NASELLE - Naselle fifth-graders have spent eight weeks "traveling" with the Lewis and Clark Expedition. Classroom resources jumped over the frustrating events at the mouth of the Columbia, so to help the students better understand this local history, historian Rex Ziak visited the class.
Mr. Ziak brought a sextant (and described the painstaking way to use it) and a huge map of the Columbia River region. The expedition had been traveling more than 30 miles a day down the Columbia River, but that progress stopped at Pillar Rock (Altoona area).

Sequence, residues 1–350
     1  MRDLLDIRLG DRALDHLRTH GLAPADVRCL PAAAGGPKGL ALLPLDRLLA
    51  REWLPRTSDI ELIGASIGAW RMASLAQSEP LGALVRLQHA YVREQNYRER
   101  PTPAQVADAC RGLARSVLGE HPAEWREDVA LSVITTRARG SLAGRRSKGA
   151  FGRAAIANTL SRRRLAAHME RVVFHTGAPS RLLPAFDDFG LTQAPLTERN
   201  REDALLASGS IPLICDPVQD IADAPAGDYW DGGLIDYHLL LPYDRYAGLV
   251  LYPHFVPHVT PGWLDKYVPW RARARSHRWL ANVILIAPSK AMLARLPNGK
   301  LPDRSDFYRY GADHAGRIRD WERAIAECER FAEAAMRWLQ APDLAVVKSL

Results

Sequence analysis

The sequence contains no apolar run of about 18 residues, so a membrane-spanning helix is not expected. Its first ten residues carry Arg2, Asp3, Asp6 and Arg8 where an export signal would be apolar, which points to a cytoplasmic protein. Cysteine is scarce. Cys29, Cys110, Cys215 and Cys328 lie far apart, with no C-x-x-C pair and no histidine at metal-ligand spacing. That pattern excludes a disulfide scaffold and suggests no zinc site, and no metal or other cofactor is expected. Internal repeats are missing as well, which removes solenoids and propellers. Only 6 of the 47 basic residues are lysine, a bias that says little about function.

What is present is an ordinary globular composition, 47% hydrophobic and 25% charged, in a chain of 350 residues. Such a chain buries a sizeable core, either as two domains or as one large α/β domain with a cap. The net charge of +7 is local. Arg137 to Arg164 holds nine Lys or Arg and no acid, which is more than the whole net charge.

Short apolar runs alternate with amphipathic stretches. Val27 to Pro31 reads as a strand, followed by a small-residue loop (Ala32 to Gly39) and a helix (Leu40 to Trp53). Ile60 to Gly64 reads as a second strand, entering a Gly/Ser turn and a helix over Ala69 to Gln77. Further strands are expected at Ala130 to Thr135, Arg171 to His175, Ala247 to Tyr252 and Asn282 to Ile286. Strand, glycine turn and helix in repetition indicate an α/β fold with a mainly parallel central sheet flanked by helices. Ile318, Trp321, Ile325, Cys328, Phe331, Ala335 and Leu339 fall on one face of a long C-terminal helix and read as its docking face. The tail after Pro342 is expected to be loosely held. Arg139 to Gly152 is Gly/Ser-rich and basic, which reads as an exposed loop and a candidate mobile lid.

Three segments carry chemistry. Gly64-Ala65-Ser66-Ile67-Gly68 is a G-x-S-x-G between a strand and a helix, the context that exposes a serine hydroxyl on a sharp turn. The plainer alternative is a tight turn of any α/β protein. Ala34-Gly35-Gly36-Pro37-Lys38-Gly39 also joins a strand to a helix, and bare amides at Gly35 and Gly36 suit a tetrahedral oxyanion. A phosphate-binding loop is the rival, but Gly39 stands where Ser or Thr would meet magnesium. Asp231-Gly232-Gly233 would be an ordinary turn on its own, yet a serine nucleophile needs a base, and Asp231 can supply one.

Mr. Ziak explained why it took the expedition one month to get from there to where they built the fort. The rough dugout canoes didn't work well in the strong current of the Columbia River, and fierce storms kept the expedition trapped in tiny coves.
Among the surprising details Mr. Ziak told the class was that although the Lewis and Clark Expedition was military, all members voted on the decision to cross the Columbia River in search of a good camping location. This was likely the first time a black man and a woman had voted in North America.
Students were delighted when Mr. Ziak told them significant events involving each member, and they agreed with his suggestion that our area "must have seemed like the land of giants," with the enormous trees, sturgeon, whale vertebrae, and the 9-foot California condor's wingspan.